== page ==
Genus: Tecomella undulata
Common name: Rohida / Desert teak / Marwar teak
Last Sunday I had stepped out for a walk in the Lodhi Garden with a tree lover and expert. He took us around the garden and showed us some amazing trees and told us interesting anecdotes about them too. This one particular tree caught my attention the most as there were lots of old clothes strewn across its branches. Just as I was wondering how tacky this is and why arent the gardeners cleaning it up; our walk leader told us an interesting anecdote.
This tree is called Rohida and its the state flower of Rajasthan. The tree is worshiped in the desert due to the curing properties found in the bark of the trees. Its believed that if someone is ill, then their clothes should be hung on the tree branches. This allows the medicinal effect to seep through and then when the person wears them, their illness dissipates.
This ritual is followed for children and now-a-days people just put the clothes on the trees in hope of its curative effect reaching their child.
I was amazed to note that even today the Rohida tree is being revered and that too in a modern city where people dont have time to spend with one another. I am sure its being treated as an old wives tale and some people just go through the motions. While others practice it religiously as a thing been done for generations in their family.
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Whatever the case, its heartening to see such practices being followed. With the decimation of the Aarey forest in Mumbai recently, we have lost so many of these gentle giants. They disperse their goodness quietly without expecting much. But they were slaughtered in the name of development by a few greedy individuals with vested interests.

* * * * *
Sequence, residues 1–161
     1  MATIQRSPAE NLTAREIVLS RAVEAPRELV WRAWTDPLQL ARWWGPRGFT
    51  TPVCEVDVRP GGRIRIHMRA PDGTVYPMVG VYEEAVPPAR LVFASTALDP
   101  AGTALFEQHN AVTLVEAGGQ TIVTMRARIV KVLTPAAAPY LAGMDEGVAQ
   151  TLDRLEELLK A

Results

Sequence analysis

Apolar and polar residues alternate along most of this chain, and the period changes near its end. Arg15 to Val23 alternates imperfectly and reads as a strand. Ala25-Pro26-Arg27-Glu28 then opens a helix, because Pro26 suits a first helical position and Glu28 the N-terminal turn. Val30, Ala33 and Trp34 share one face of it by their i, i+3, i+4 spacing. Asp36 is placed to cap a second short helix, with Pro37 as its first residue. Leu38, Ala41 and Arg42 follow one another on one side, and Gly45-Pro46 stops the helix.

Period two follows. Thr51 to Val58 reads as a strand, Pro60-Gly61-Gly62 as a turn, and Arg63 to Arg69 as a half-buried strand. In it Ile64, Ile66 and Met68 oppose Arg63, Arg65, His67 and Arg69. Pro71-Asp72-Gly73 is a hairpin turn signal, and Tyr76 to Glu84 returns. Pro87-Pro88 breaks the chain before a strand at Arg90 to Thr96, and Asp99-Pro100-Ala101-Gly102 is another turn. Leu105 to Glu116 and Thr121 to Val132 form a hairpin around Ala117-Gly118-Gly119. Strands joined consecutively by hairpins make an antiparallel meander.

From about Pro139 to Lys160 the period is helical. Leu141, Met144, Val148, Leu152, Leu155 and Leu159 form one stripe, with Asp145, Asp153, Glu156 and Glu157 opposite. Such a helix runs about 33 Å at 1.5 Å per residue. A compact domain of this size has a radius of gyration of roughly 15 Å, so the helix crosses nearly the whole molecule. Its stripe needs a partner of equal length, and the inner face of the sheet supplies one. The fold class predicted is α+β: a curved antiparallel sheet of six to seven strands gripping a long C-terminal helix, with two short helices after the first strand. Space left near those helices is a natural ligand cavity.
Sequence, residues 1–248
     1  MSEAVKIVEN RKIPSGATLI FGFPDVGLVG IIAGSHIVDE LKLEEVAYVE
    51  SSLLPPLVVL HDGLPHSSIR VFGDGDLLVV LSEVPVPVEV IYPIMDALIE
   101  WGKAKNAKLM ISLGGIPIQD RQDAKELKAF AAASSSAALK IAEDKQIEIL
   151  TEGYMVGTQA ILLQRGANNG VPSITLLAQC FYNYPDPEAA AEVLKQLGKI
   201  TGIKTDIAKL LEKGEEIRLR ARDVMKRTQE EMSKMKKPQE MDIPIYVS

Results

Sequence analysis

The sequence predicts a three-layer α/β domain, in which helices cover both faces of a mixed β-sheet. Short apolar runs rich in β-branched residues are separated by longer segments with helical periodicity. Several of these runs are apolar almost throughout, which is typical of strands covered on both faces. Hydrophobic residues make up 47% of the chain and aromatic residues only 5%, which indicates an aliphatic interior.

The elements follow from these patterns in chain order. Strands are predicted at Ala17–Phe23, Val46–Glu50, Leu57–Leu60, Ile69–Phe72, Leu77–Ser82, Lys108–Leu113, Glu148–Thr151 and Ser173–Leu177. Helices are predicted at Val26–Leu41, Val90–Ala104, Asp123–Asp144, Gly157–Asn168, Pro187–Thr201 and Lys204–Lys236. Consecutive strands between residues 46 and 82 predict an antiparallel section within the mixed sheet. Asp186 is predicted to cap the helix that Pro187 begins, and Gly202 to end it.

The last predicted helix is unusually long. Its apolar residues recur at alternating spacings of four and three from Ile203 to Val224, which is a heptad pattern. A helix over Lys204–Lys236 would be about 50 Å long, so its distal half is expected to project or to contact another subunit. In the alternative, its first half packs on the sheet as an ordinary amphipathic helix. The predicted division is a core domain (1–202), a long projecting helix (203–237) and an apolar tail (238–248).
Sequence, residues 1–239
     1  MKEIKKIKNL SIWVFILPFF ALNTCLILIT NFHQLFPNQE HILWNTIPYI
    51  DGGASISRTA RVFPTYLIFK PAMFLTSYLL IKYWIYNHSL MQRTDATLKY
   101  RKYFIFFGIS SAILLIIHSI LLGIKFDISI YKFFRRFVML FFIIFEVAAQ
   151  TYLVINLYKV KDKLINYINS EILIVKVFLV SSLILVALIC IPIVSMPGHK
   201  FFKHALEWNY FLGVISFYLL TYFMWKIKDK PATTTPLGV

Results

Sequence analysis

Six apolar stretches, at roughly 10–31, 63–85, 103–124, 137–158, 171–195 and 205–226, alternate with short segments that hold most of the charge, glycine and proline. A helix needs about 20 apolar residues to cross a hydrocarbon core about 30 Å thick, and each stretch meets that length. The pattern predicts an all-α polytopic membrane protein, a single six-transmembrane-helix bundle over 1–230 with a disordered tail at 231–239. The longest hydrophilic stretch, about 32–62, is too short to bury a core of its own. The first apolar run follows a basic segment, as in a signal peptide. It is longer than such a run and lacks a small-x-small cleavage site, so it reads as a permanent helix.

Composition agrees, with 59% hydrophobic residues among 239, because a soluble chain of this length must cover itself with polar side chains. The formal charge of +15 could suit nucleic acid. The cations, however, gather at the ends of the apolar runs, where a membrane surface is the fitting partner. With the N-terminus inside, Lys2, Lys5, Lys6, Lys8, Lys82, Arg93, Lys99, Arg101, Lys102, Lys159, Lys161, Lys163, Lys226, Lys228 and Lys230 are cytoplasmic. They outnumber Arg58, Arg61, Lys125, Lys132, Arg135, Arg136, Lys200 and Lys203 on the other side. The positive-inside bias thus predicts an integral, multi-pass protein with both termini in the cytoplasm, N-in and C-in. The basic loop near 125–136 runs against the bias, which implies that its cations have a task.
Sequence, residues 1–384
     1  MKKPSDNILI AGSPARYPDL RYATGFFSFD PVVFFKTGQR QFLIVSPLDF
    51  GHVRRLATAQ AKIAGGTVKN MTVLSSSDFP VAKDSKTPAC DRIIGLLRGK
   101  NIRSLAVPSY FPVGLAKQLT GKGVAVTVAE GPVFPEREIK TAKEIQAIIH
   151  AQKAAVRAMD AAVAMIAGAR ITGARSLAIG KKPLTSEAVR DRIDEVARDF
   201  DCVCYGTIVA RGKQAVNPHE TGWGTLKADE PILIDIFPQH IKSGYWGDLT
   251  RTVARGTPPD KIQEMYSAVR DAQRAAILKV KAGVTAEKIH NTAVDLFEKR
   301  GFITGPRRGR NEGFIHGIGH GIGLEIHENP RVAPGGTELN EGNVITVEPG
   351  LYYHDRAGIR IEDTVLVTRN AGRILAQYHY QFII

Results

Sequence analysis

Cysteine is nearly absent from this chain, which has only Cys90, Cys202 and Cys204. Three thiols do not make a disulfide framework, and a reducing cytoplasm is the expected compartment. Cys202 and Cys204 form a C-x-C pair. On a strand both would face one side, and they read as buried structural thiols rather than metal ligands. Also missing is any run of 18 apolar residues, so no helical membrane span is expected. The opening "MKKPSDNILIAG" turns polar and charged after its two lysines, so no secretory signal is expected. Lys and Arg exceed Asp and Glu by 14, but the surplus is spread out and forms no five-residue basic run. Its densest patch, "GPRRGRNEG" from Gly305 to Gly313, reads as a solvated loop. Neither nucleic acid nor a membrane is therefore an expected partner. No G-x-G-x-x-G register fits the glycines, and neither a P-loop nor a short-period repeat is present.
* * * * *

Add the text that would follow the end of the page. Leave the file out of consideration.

The trees were cut in the dead of the night, which goes against the grain of religious belief regarding trees. I remember as kids we were scolded for breaking off leaves/ flowers off a plant at night. We were reminded that the plants are sleeping and its not good to disturb them. One of my ayahs would also talk about spirits in the trees that rest in the trees in the night.
Yet the authorities in Mumbai did just that – they cut the trees by stealth in the dead of the night. Protesting citizens was detained by the police and made to run pillar to post to secure bail. Later, NGOs were stopped from going inside to save the affected animals. Its a sad thing to see what has been done to the Aarey forests in such a hoodlum manner by the current government.
The Sunday walk was a balm to my pain for Aarey as I could enjoy these beauties that still survived the greedy axe. Each and every tree we came across had a multitude of medicinal properties and anecdotes of faith attached to them.
When will we greedy humans stop cutting off the very branch that we are sitting on? Does greed matter more than health? Is a human extinction the next thing looming up in the futures of our children?
Joining in the #Thursdaytreelove linky with Parul where we share a picture of a tree and mention in a few words why we are fascinated by it.
My previous post for this linky can be found here